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  • Newspaper Guild Rips "Shameless," "Galling" Bonuses For WaPo Publisher

    Blog ››› ››› JOE STRUPP

    The Newspaper Guild is criticizing The Washington Post and its publisher Katharine Weymouth following a report this week that she stands to earn millions of dollars in stock-based performance incentives in the coming years while the newspaper continues to accept buyouts from staffers and struggle with continued losses.

    Washington City Paper reported Tuesday that in addition to making nearly $2 million per year in 2010 and 2011, Weymouth could be in line to make millions more in stock bonuses in coming years:

    Washington Post publisher Katharine Weymouth was criticized last year by Post employees when it was revealed that she made over $2 million in 2010. Weymouth's salary decreased in 2011, as the paper prepared to offer buyouts to employees, but only by a little--she made $1.9 million.

    For all the attention that has been given to Weymouth's salary, she could earn much, much more in the coming years if she makes her performance targets. According to an SEC filing made last week by the Post, Weymouth stands to receive as many as 42,500 shares in restricted stock awards by 2018 if she meets the goals. If the Post stays around its current stock price, at $363.51 when the market closed yesterday, that would be worth around $15.4 million.

    This would represent a huge jump in Weymouth's stock awards. Since 2009, Weymouth has received a comparatively miniscule 7,500 shares.

    Restricted stocks awards, in which stock is given outright to an employee, are different from stock options, which only give the recipient the option to buy shares at a set price.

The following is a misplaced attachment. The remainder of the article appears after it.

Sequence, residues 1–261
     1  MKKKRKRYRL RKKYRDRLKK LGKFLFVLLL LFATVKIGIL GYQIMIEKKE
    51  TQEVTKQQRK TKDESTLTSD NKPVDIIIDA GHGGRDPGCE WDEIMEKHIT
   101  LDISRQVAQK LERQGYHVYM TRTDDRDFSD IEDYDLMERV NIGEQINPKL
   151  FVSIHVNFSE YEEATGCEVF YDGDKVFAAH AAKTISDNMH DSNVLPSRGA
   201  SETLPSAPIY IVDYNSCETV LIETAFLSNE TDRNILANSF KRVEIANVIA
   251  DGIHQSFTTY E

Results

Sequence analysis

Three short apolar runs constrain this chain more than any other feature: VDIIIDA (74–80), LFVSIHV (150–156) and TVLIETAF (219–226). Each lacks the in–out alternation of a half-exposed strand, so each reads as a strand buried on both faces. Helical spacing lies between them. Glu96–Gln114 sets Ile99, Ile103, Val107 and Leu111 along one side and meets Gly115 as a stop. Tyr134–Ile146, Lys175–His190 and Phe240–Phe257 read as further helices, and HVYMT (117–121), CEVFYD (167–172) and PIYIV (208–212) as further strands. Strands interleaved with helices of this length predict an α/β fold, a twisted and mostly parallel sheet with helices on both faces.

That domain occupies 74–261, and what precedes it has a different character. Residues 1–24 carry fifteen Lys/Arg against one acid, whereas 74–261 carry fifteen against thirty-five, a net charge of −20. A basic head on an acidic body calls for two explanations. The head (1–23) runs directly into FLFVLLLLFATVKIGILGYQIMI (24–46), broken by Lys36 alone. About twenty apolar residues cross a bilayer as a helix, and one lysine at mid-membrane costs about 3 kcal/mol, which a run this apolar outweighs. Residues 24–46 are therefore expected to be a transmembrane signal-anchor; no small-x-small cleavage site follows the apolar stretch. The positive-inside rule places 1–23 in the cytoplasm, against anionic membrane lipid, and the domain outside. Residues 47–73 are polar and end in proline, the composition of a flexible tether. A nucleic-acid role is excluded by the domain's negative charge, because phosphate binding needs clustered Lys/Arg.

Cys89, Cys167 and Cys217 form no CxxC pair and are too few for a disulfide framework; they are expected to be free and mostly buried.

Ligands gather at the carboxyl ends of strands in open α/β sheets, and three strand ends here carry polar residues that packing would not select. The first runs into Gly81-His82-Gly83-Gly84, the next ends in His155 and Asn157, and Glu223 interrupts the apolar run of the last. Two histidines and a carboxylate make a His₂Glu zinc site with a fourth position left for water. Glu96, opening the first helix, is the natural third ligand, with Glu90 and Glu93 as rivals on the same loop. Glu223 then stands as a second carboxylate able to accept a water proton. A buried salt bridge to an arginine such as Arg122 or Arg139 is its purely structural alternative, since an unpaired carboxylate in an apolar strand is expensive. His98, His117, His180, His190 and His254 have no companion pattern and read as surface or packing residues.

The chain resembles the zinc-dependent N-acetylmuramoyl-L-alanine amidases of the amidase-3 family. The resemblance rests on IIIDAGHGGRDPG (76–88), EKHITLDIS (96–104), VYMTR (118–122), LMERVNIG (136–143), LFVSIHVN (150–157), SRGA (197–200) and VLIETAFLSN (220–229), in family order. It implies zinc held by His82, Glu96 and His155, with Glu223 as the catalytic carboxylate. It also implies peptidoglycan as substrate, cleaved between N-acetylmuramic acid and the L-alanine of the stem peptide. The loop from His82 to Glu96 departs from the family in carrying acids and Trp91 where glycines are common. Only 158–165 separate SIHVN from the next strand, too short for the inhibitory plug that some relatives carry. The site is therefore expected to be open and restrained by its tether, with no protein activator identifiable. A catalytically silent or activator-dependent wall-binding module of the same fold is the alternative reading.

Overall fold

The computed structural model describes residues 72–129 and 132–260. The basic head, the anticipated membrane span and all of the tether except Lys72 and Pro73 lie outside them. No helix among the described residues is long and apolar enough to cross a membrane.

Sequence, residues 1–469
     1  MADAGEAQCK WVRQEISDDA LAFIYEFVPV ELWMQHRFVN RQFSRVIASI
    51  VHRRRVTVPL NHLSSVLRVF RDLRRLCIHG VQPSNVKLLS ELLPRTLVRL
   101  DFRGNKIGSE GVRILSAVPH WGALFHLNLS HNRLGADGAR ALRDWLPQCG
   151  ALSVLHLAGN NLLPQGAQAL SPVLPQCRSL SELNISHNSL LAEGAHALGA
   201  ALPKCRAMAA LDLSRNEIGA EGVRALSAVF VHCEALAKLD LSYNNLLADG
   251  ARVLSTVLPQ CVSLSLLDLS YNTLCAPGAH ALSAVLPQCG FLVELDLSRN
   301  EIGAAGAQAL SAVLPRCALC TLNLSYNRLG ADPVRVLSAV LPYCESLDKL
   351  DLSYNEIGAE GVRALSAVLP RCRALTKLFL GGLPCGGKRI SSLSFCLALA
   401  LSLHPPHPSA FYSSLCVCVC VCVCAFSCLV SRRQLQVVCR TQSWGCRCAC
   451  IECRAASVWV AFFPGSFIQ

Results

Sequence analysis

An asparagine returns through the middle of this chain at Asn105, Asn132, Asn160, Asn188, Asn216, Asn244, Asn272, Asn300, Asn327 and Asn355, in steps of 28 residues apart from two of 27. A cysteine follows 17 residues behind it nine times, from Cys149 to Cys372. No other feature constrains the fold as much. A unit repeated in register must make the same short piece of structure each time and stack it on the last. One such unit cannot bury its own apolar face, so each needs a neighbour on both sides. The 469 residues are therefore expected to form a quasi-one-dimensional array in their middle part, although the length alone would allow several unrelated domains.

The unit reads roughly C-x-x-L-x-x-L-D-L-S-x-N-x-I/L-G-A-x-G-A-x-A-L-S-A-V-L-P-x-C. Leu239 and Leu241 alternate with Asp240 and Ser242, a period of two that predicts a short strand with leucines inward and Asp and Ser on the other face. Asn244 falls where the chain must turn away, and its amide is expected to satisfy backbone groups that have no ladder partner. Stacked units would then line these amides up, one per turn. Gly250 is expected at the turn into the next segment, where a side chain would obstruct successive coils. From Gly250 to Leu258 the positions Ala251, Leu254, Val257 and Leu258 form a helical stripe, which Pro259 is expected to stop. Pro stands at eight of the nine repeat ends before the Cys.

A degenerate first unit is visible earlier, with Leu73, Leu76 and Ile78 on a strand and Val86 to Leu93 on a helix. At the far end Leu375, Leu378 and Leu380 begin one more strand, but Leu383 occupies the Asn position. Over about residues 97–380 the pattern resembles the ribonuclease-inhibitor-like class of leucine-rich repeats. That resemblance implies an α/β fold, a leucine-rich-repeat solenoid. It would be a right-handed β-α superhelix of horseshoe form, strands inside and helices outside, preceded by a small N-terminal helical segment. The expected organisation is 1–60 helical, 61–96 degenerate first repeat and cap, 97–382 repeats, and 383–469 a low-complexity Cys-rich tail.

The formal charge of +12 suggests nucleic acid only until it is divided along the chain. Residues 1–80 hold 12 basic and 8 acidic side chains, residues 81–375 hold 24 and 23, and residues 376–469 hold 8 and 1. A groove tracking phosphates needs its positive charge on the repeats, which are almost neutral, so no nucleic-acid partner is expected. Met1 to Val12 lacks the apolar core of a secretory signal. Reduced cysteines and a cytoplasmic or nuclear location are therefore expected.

The story comes less than two months after the Washington-Baltimore Newspaper Guild revealed that at least 32 Post employees had accepted a recent buyout offer, the fifth since 2004.

    Poynter.org reported in a Feb. 8, 2012, article about the Post buyouts that the newspaper's revenue in the third quarter of 2011 was down 9 percent from the same period in 2010, with advertising revenue down 20 percent. The company's newspaper division had lost $9.9 million in the third quarter alone, Poynter reported.

    Asked to comment on the latest Weymouth bonus potential, Fredrick Kunkle, a co-chair of the Guild's Post unit, issued this statement to Media Matters:

    I can tell you it's galling as hell to think that we have squeezed more bodies out of the newsroom, outsourced more jobs across the company and given most of the remaining employees pay increases that don't even keep up with inflation so that senior executives can pay their country club dues. It's even more shameless when you consider that the various strategies hatched by some of these bonus recipients have failed to boost the stock price or increase ad revenues, and yet arguably have diminished the Post's stature everywhere except among fans of squirrel galleries. But I guess we'll always have Watergate.

    Post officials did not respond to a request for comment Wednesday.